The decision by the Israel Lands Authority last month to award contracts to several building companies allowing them to begin marketing 1,257 new housing units in Jerusalem’s 42-acre southern Jerusalem neighborhood of Givat Hamatos has been applauded by some, while also garnering international attention, including rousing condemnation from others.

The approved construction represents the first stage of a 2,600-unit subsidized housing project specifically targeting young families to encourage them to remain in the Israeli capital, as many are moving out of the city as a result of a housing shortage and high prices.

At the same time, the master plan for the neighborhood calls for the construction of 700 units being marketed to the residents of the nearby Arab area of Beit Safafa to allow their already overflowing neighborhood to expand.

Currently, around 30 low-income families live in scattered caravans (trailers) throughout Givat Hamatos.

Technically just over the 1949 Armistice Line, Givat Hamatos is bordered by several of Jerusalem’s largest neighborhoods, including Gilo to the south and Har Homa to the East. It is essentially enmeshed with Beit Safafa to the west and just outside of the Talpiot Industrial Zone to its north.

One of those spearheading the project is Arieh King, founder of the Israel Land Fund organization as well as a deputy mayor of Jerusalem. King told JNS that the initial idea for a neighborhood in Givat Hamatos was actually conceived in 2005, but for both political and budgetary reasons, it has been pushed off time after time.

A map detailing the Givat Hamatos and the surrounding neighborhoods in southern Jerusalem. Credit: JCPA.

He said that Israeli Prime Minister Benjamin Netanyahu “has found all kinds of excuses to freeze the project, but every time there is an election like now, it moves one step forward.”

In addition, explained King, a longstanding disagreement between the Israeli government and the Jerusalem municipality over who would cover the infrastructure costs of the neighborhood also exists, though he said that “Jerusalem Mayor Moshe Lion has agreed that the municipality would cover the costs for the development of infrastructure so that the project will move forward.”

Due to its location, the European Union has dubbed the project an “illegal settlement” and has accused Israel of trying to cut off Arabs in Jerusalem from the nearby Palestinian Authority-controlled town of Bethlehem.

An official from the E.U. delegation in Ramat Gan told JNS that “it remains the E.U.’s firm position that settlements are illegal under international law. As High Representative Josep Borrell said in November, the E.U. is deeply worried by the Israeli authorities’ plans to advance housing units for an entirely new settlement at Givat Hamatos, in a strategic location, for the first time since Har Homa in 1997.”

The official added, “As we have stated repeatedly, the E.U. will not recognize any changes to the pre-1967 borders, including with regard to Jerusalem, other than those agreed by the parties [Israel and the P.A.].”

‘Demands of building and growth’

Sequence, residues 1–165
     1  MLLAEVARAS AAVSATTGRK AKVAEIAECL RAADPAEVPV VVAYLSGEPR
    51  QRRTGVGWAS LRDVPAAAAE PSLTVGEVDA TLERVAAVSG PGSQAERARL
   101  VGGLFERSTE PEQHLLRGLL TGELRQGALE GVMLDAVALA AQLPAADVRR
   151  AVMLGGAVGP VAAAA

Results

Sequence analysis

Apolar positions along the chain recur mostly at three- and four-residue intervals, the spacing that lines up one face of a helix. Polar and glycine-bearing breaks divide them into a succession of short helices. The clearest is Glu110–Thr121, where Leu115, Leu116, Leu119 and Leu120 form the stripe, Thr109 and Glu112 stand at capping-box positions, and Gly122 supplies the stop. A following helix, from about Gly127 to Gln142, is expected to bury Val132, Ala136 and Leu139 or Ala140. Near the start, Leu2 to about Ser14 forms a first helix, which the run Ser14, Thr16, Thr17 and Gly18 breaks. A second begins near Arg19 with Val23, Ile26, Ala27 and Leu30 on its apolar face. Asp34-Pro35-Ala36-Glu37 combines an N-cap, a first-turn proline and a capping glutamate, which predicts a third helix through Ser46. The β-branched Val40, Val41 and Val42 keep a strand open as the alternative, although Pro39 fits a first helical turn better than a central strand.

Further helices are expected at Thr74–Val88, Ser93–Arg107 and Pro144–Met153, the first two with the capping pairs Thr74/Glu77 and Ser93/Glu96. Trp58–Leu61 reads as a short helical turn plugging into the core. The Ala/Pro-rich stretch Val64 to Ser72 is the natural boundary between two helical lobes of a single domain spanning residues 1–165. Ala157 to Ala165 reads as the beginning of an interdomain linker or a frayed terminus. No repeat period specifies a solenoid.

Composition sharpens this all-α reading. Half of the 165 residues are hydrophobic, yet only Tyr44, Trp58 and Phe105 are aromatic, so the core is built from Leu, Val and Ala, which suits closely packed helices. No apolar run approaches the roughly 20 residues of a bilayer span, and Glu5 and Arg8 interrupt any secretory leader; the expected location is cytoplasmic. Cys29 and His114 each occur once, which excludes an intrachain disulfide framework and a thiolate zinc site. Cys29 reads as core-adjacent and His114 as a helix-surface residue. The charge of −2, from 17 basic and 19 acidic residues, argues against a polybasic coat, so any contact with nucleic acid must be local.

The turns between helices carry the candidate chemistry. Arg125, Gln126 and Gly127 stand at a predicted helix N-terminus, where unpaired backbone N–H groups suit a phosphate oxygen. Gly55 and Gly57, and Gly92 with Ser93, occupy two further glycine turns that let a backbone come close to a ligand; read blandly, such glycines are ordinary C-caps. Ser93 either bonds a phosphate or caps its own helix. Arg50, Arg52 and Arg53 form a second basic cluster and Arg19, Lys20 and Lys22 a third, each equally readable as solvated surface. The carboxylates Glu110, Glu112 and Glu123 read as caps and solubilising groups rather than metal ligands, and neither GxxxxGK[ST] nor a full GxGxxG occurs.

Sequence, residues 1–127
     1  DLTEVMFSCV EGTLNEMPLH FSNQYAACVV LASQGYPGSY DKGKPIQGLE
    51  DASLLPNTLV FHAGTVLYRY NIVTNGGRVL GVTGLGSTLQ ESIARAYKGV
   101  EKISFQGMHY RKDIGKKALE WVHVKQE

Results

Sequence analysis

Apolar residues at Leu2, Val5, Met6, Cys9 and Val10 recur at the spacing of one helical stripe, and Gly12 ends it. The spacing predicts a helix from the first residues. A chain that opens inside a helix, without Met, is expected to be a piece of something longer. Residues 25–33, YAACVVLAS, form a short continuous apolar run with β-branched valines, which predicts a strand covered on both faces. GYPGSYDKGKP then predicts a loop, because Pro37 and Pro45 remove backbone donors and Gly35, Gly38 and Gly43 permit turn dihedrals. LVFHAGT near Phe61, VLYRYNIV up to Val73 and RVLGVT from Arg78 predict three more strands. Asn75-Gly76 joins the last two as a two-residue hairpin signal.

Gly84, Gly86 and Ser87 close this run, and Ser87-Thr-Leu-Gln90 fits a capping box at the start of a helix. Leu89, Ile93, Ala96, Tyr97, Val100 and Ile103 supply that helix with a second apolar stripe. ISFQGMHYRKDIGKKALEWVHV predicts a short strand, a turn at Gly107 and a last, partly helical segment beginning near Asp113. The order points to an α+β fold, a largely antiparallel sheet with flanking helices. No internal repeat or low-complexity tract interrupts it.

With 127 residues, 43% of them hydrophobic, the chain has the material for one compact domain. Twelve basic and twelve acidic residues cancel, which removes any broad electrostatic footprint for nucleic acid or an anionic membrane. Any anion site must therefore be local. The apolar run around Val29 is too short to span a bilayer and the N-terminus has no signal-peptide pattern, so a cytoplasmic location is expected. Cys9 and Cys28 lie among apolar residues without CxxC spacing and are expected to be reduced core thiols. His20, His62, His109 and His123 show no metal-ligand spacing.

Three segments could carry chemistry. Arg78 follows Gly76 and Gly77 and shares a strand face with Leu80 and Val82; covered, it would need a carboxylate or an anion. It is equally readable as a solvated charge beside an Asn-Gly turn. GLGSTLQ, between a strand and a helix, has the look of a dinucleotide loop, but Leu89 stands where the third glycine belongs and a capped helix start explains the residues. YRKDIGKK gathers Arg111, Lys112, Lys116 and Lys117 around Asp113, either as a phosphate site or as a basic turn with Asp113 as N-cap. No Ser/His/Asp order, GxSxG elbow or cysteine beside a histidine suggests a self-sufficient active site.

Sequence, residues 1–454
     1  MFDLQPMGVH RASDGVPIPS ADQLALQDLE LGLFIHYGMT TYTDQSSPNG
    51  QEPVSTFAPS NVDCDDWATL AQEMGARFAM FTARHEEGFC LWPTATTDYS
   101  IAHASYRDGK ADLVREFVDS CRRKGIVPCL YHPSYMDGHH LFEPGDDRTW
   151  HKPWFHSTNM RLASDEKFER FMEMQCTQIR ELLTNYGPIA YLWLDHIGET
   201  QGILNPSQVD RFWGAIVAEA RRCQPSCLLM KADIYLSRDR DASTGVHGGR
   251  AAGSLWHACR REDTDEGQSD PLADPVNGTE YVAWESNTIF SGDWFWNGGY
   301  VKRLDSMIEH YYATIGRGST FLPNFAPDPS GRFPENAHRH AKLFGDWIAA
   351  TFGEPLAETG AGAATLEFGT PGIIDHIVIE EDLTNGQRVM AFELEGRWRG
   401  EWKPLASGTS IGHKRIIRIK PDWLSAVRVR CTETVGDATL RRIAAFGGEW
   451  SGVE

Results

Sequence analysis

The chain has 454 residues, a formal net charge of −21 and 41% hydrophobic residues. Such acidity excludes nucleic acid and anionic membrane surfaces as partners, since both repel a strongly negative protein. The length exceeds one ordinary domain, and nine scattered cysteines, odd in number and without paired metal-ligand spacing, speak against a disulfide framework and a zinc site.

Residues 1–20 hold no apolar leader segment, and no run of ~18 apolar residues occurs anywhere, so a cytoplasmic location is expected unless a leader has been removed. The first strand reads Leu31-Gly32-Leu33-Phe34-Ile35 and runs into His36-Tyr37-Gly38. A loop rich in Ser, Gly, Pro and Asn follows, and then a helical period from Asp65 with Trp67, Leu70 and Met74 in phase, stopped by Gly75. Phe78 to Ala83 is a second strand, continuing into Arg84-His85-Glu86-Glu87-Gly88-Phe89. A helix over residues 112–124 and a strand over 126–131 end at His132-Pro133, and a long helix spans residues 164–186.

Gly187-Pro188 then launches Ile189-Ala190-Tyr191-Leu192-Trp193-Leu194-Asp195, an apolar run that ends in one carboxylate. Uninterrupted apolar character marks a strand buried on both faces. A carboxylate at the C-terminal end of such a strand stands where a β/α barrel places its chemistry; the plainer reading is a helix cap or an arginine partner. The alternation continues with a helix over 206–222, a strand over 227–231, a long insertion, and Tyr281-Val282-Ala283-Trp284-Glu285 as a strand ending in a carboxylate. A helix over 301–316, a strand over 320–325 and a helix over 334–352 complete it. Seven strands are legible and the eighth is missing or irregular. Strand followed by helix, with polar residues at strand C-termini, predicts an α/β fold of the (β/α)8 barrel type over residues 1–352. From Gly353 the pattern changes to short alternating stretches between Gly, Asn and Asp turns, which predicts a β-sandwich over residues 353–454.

Several weeks ago, officials from 17 E.U. nations met with Israel’s Foreign Ministry to voice their opposition to the Givat Hamatos approval. The United Kingdom also condemned the project.

Deputy Mayor of Jerusalem Fleur Hassan-Nahoum responded to the E.U.’s statement telling JNS, “Jerusalem has Har Homa and Gilo, which are already significant neighborhoods. Givat Hamatos doesn’t change anything; it simply supplies demands of building and growth. The fact that the E.U. doesn’t accept the reality that Jerusalem is the undivided capital of Israel shows that they are living in an alternative universe.”

The proposed construction site in Jerusalem’s Givat Hamatos. Credit: Josh Hasten.

At the same time, some left-wing organizations have charged Israel with building a neighborhood exclusively for Jewish residents of the city only.

Last month, a Jerusalem District Court issued an injunction freezing the project’s construction tender after a petition was filed by the left-wing Ir Amim organization, claiming that the plan was discriminatory and arguing that Arabs in the city who have permanent residency status but are not full-fledged Israeli citizens didn’t qualify for the subsidized housing.

After investigating the matter, the court reversed that decision only a few days later, saying there was no proof of a link between the marketing of the project and the eligibility of those who could register to acquire property.

Hassan-Nahoum insisted that the project expands both Jewish and Arab neighborhoods, and that “accusations of discrimination are flat-out lies.”

King also rejected any notion of discrimination and insisted that the neighborhood is open to Jews and Arabs alike. He accused those who claim “discrimination” as being “hypocrites.” He also explained that recently, when a tender was won by an Arab company to market a project in Pisgat Ze’ev (a large neighborhood in northeastern Jerusalem) to the Arab community, no one made a fuss.

King did acknowledge that he feels the construction in Givat Hamatos will, in fact, solidify Israel’s control over that area and prevent contiguity between Beit Safafa and Bethlehem, which he views as extremely positive for both Jews and Arabs alike.

“Beit Safafa is a peaceful Arab neighborhood,” he said. “There is an Arab kosher bakery there, and as a Jew you can walk around freely wearing a kipah or a tallit. This has been the reality there for years. Any connection between Beit Safafa and Beit Lechem [Bethlehem] will introduce the hateful ideology spewed by the P.A. into Beit Safafa, which will change this reality, and that is why Givat Hamatos is so important.”


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